Boris Johnson will “look at” an SNP and Liberal Democrat plan for an early election – despite a senior minister dismissing it as a “stunt”.
The two Remain-backing parties have set out their plan for an election on 9 December, leaving no time for MPs to first pass Boris Johnson’s Brexit deal.
It follows the prime minister’s call for the UK to go to the polls on 12 December – but he wants MPs to be able to consider his EU Withdrawal Agreement Bill first.
This comes after a majority of MPs rejected his previous proposed three-day timetable for them to consider the legislation to ratify his Brexit agreement.
Labour have so far resisted Mr Johnson’s demand for an early general election, with party leader Jeremy Corbyn calling for the possibility of a no-deal Brexit to be taken “completely off the table” before the UK heads to the polls.
Mr Johnson has reluctantly written to the EU to ask for a three-month Brexit delay – by extending the Article 50 negotiating period to 31 January – with the bloc likely to provide its answer this week.
EU ambassadors will meet in Brussels on Monday morning to consider a text on the UK’s request for a Brexit extension, according to Sky sources.
As the SNP and Lib Dems are tabling their own election offer as a piece of legislation – to amend current law that says the next election is set for May 2022 – they are likely to need support from either the government or Labour in order for it to be debated by MPs.
Culture Secretary Nicky Morgan, appearing on Sky News’ Sophy Ridge on Sunday show, dismissed the two parties’ offer as a “stunt”.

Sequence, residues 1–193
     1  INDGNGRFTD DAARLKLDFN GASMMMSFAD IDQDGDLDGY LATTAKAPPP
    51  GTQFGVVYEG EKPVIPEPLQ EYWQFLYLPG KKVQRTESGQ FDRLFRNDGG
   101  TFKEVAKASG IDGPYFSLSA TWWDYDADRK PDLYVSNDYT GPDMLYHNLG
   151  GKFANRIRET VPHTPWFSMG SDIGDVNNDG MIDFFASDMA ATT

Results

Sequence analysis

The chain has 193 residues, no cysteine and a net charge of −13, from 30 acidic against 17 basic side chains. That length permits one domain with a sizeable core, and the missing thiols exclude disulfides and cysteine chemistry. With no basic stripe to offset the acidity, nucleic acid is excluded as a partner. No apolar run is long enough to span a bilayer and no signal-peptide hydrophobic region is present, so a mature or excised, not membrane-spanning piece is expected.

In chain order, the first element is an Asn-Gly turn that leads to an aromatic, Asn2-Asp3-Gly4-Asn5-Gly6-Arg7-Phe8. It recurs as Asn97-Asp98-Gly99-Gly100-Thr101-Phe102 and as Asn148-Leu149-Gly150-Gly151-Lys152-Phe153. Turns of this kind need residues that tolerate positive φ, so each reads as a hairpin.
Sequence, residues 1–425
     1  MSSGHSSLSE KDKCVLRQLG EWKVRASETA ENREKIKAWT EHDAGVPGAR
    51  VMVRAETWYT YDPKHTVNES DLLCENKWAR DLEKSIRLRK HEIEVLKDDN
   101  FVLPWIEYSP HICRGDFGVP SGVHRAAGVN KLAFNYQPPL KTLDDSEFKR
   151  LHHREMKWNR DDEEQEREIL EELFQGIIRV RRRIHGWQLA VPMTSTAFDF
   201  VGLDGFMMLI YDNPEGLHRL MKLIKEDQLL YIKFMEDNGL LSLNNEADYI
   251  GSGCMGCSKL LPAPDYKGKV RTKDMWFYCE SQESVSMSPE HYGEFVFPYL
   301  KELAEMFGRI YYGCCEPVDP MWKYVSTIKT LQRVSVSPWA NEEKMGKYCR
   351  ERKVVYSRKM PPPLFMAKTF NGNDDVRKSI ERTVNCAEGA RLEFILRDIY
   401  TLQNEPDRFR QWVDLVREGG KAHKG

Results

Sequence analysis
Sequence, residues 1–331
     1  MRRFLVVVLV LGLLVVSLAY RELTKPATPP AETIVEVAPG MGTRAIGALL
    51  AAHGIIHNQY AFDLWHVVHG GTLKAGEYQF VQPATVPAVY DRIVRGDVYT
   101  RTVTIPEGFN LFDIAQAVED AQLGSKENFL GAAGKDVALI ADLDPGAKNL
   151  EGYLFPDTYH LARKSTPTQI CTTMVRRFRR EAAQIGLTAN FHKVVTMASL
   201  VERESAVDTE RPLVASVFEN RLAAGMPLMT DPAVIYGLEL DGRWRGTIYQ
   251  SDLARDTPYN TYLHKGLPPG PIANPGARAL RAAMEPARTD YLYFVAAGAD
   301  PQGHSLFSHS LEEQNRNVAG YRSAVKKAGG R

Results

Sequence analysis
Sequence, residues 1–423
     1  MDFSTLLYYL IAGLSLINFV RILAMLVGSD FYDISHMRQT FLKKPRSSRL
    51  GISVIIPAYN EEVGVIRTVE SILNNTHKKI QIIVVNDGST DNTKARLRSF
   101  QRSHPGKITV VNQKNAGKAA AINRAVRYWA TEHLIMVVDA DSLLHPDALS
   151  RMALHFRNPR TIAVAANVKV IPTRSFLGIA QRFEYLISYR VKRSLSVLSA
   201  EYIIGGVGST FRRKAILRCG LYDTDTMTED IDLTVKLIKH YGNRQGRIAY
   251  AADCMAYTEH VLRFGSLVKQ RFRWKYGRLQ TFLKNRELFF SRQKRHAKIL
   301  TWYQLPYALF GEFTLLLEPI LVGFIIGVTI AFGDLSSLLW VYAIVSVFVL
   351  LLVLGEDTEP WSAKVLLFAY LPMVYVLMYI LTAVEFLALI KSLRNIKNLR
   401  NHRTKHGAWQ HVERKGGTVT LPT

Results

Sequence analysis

She instead urged them to support the PM’s motion for a 12 December election, which is likely to be put to a House of Commons vote tomorrow.
Mrs Morgan said: “What is different about the offer – or stunt I might say – by the SNP and Lib Dems is they have obviously made it clear that they have no intention of wanting Brexit to be done, no intention of wanting the Withdrawal [Agreement] Bill.
“They are saying, ‘go for an election’. It may well be that an election is going to happen.
“If the SNP and Lib Dems want an election then they have a chance to vote for one as quickly as tomorrow when the government’s motion is voted on.”
However, Downing Street later suggested the government might end up working with the SNP and Lib Dems on agreeing an early election, if the PM’s own motion is defeated.
Number 10 said: “If Labour oppose being held to account by the people yet again, then we will look at all options to get Brexit done including ideas similar to that proposed by other opposition parties.”
Asked why Mr Johnson wanted a pre-Christmas election after he won support, in principle, from the Commons for his Brexit deal, Mrs Morgan said: “There has to be a deadline for these things.”
She explained, under the PM’s election offer, MPs would have until 6 November to approve the Brexit deal before parliament would be dissolved for an election.
For his own election offer to be approved, Mr Johnson needs the support of two-thirds of all 650 MPs as it has been tabled under the terms of the 2011 Fixed-term Parliaments Act.